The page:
X5: Paraphrasing Kyle, the X5 being a hybrid skews things a bit but the extra power is always welcome even if it arrives at slightly higher revs. The 3.0-liter straight-six and electric motor setup produce a combined output of 389 hp of max power and 443 lb-ft of peak torque. The engine pairs with an eight-speed automatic that sends the power to all four wheels. Although refined, the engine is more audible (when it’s employed anyway) than the GV80 and I say this in the best way possible. Bimmers are supposed to be ‘drivers’ cars’ and good engine noise is part of a good driving experience.

Straight away you notice the immediate throttle response. Admittedly, the X5 owes its urgency to the electric motor but even on pure gas mode, the X5 feels considerably quicker and more responsive. Being a plug-in, one of the biggest perks and cause for wonder is rolling around town in utter silence in something this size. And it’s quite efficient too. The pure EV range on the all-digital instrument cluster is true and not a rough estimate.

The X5 is sprung stiffer than the GV80 but yet provides a supple and absorbant ride in the city. Just like its Korean counterpart, it feels at home regardless of the surface. Thanks to wheels that are a size shorter, it tends to ride marginally better over rougher sections. The stiffer setup also helps the X5 manage its heft better, of which there is plenty. On the highway, it not only feels comfortable and unfazed just as the GV80 but is also more adept at making quick overtakes. Should you run out of EV juice, you can force the engine to charge the battery as you drive on pure gas mode. It is also worth pointing out that the X5 has the most efficient energy recovery system I’ve come across so far. On a 40 mile trip the system recovered 20 miles of pure electric range. Running it in pure gas mode does affect the fuel economy but the recovered range balances things out.

SEE ALSO: 2020 BMW X5 M Competition Review: Check Out These Guns

The driving modes considerably affect the demeanor of the X5. The sport modes noticeably stiffen up the suspension which makes for almost “antithetical” (Kyle’s word) levels of grip. The sharper throttle response also ensures quick exits and the brake feel makes for a rather responsive handling package, especially for an SUV.

Bottom Line: While the GV80 is geared for comfort, the X5 is tuned for the daily grind and spirited driving. It also offers an efficient hybrid powertrain that not only decreases fuel consumption but also enhances performance. All in all it does everything the Genesis does and then some.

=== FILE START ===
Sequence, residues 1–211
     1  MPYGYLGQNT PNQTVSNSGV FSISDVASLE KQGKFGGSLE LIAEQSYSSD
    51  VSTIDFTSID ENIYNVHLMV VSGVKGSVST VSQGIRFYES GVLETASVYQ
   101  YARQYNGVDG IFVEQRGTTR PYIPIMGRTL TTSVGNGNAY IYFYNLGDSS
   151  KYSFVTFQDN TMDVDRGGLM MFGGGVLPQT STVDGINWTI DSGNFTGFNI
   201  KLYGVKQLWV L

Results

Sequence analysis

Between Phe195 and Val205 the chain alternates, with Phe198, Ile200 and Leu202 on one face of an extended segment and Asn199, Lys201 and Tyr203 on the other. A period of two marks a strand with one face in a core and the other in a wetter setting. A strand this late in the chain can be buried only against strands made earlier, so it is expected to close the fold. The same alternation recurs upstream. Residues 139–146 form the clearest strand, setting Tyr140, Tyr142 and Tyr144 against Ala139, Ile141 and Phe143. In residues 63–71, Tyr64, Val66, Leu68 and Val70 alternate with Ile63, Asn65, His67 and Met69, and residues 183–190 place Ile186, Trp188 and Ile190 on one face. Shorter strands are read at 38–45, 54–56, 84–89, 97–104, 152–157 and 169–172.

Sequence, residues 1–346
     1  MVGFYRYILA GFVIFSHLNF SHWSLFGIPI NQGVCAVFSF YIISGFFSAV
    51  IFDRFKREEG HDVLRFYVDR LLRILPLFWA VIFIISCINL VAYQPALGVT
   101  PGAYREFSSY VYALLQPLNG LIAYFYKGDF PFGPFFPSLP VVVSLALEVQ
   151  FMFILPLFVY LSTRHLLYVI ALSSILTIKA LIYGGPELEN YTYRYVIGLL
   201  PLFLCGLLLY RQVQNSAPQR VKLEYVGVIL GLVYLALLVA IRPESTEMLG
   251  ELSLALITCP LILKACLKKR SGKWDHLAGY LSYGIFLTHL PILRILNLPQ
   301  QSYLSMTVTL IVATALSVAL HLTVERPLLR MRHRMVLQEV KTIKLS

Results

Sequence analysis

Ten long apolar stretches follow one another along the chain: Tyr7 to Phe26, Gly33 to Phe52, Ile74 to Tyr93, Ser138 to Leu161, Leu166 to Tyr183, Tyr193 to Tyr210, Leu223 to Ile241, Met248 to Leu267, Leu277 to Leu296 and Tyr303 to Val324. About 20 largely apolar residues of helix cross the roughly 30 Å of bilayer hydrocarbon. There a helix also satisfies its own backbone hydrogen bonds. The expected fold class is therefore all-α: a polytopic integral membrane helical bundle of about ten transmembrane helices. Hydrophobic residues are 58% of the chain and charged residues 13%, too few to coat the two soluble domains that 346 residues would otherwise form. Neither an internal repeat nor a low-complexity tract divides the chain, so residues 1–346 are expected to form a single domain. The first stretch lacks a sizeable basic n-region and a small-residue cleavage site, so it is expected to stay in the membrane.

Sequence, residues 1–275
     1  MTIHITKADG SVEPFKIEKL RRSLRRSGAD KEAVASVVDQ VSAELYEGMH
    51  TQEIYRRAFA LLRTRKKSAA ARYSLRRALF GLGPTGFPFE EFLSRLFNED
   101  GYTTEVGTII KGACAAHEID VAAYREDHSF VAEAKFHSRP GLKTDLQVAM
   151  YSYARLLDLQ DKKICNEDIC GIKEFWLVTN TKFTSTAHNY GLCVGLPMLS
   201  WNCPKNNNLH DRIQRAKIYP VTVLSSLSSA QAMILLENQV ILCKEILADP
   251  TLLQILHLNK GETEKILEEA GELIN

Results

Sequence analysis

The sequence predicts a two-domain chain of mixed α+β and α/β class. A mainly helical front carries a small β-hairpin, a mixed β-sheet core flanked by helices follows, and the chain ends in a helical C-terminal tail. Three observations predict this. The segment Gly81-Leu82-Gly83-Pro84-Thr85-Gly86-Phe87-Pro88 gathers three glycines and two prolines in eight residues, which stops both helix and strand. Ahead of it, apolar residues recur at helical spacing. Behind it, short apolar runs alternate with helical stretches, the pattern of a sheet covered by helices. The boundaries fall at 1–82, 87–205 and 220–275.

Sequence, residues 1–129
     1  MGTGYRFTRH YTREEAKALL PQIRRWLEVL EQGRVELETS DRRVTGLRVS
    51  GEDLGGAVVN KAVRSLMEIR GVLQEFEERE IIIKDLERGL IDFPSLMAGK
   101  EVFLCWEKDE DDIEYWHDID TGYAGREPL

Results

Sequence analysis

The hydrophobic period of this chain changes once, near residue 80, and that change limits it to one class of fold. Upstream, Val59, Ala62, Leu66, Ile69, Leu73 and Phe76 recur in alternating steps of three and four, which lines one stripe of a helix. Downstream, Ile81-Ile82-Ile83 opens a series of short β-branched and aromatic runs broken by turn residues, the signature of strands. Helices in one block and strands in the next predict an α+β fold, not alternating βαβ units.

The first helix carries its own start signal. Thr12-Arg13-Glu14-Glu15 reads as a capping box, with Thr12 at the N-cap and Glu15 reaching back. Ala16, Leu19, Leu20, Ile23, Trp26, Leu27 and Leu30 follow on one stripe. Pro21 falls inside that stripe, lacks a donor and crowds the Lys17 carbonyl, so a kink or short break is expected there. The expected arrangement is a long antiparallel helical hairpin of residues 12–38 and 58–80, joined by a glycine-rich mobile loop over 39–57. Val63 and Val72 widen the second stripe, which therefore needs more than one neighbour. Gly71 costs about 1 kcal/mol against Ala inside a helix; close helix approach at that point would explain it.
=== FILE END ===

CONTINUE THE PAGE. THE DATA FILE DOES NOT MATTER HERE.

Tech and Features

GV80: Some will find the 12.3-inch all-digital 3D instrument cluster quite gimmicky but we think it’s brilliant. Mostly because it really works. Both Kyle and I tried to fool it on multiple occasions only to be defeated almost every time. The 3D effect is the most pronounced when the blind spot monitor–another great feature by the way–activates. You really do see the depth of field no matter how you look at it. The gauges themselves do seem to draw inspiration from a certain British luxury brand but they still look cool nonetheless.

Genesis also offers the 14.5-inch infotainment screen as standard across the range. And you can control the screen via touch, redundant buttons, and an iPod-style scroller placed in the center console. While it’s tactile, it isn’t as user-friendly as a raised scroller, like the one on the BMW. The system itself is quite intuitive to use and customizable. The native satnav though leaves room for improvement. It isn’t as quick and always seems to show you the long way around. It doesn’t support wireless phone mirroring either which is odd for an almost $70k car in 2021. The 21 speaker Lexicon speaker system, however, is absolutely brilliant.

The one we have here is the top Prestige (Canadian) trim and comes with three-zone climate control, front and rear, heated and ventilated seats, a panoramic sunroof, the remote Smart Park feature, and Active Road Noise Cancelling. Then there is the cloud-powered adaptive cruise control system with stop and go that adapts to your driving style. While we couldn’t test the feature, it holds some serious promise. As for safety, apart from the Blind Spot View monitor and rear parking collision avoidance assist, all other active safety features like forward-collision avoidance. lane departure warning, even the radar-guided cruise control with machine learning are all standard across the range.

X5: As I mentioned earlier, I preferred the iDrive system on the Bimmer compared to the Genesis. It also features touch controls for the 12.3-inch screen but I found the scroll and buttons to be more intuitive. Plus, operating it on the move isn’t distracting in the least. While the system itself works flawlessly, the scroller itself feels quite flimsy and not up to the usual BMW standard. The system also features the nifty gesture control which does wake up the snob in you but you can’t deny its convenience. Onlookers be damned. The native navigation on the Bimmer is far superior to the one on the Genesis in terms of look and feel, ease of use, and accuracy. The iDrive also comes with wireless Apple CarPlay and Android Auto as standard.

Our tester was loaded to the brim with optional features. The front seats came with massage function which was a boon on long drives. While the Harman Kardon system doesn’t match up to the 21-speaker system in the Genesis, it offers a crisp enough sound. But one of my favorite features in the cabin, missing from the GV80 was the heated and cooled cup holders.